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Sentiment on Wall Street got a boost from a German court ruling that paved the way for the ratification of the eurozone's permanent rescue fund, but traders remained cautious ahead of the Fed decision on tap for Thursday.
As of 10:40 a.m. ET, the Dow Jones Industrial Average fell 4.3 points, or 0.03%, to 13319, the S&P 500 gained 0.11 point, or 0.01%, to 1434 and the Nasdaq Composite slipped 1.5 points, or 0.05%, to 3103.
The Dow is sitting at its highest level since December 2007. The Nasdaq and S&P 500 are both sitting right beneath multiyear highs as well.
Market participants have been waiting for weeks to hear a ruling from the German Constitutional Court on the ratification of the European Stability Mechanism. The ESM has a capacity of roughly $905 billion that is to be used as part of a broader plan to stem the eurozone's debt crisis that is now in its third year. Germany, seen as Europe's paymaster, was the last of the country in the 17-member bloc to ratify the ESM. After the country's parliament passed the measures, thousands of individuals called on the courts to intervene, on the grounds that it was unconstitutional.
The court, based in Karlsruhe, backed the ESM, but on the condition that any German liability greater than $244 billion would require passage by the country's lower house of parliament, the Bundestag.
"This is a good day for Germany and a good day for Europe," German Chancellor Angela Merkel said in a speech to parliament, according to multiple media reports.
The euro rallied above $1.292, the highest level in four months, on the news. European equities broadly advanced. Still, market participants remained wary about the situation in the eurozone.
"More legislative and political challenges lay ahead," Dan Greenhaus, chief global strategist at BTIG wrote in an email." Today’s ruling simply does nothing to change that larger story."
Elsewhere in Europe, the Netherlands holds parliamentary elections on the day. Analysts at Nomura noted that a win by the anti-European Union party, which is widely unexpected, could "negatively impact sentiment and threaten recovery efforts in the eurozone."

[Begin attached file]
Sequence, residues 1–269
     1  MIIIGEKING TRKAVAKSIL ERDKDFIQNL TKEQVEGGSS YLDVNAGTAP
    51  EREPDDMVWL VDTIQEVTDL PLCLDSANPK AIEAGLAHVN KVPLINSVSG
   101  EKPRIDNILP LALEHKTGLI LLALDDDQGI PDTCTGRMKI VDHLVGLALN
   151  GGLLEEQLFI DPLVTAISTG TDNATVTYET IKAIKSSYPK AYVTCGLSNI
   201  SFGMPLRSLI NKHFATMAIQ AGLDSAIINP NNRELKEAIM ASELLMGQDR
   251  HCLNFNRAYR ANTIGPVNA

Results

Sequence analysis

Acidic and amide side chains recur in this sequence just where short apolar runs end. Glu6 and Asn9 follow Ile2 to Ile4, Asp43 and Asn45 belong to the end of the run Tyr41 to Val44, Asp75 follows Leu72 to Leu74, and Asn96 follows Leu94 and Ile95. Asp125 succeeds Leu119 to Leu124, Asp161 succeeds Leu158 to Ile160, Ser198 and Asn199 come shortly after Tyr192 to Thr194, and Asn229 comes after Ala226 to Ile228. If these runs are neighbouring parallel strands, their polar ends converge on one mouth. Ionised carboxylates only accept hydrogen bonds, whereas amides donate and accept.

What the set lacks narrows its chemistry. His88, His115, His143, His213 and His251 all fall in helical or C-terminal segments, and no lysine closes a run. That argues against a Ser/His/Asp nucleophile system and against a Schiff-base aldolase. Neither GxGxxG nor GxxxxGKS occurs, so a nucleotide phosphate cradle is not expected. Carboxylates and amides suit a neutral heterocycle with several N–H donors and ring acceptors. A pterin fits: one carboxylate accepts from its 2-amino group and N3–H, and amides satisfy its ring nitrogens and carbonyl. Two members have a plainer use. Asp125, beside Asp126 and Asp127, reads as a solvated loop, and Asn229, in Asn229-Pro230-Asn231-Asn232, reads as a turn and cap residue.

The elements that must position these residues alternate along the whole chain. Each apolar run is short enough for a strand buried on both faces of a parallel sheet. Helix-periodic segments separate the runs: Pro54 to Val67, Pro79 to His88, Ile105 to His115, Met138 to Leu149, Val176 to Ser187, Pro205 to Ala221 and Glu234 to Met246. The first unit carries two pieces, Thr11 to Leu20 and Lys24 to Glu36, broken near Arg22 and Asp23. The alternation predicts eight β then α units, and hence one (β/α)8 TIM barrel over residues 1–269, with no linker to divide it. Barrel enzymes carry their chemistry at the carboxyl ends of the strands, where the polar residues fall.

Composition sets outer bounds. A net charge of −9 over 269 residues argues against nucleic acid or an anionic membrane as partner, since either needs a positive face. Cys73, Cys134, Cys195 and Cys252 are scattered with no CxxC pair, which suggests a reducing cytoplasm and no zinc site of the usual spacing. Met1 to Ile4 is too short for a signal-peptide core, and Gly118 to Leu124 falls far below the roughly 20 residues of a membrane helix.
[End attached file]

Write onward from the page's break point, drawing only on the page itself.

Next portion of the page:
On the U.S. front, the Labor Department said import prices rose 0.7% in August from July, marking the first increase in five months, but coming up short of the 1.4% gain expected. Export prices rose 0.9%, topping estimates of 0.4%. A separate report from the Commerce Department showed inventories at the wholesale level rising 0.7% in the biggest increase since February. Economists expected a gain of 0.2%.
The Federal Reserve's monetary-policy meeting is set to kick off. It concludes with a highly-anticipated decision on Thursday. Market participants broadly expect more easing from the central bank, but the method that might be used is uncertain. Two contenders are another round of quantitative easing and a strengthening of the bank's forward guidance on interest rates.
In commodities, oil prices ticked lower. The benchmark contract traded in New York fell 30 cents, or 0.32%, to $96.86 a barrel. Wholesale New York Harbor gasoline fell 0.4% to $3.032 a gallon.
In metals, gold fell $3.20, or 0.18%, to $1,732 a troy ounce.
The Euro Stoxx 50 climbed 0.74% to 2576, the English FTSE 100 rose 0.07% to 5796 and the German DAX jumped 0.77% to 7366.
In Asia, the Japanese Nikkei 225 soared 1.7% to 8960 and the Chinese Hang Seng rallied 1.1% to 20075.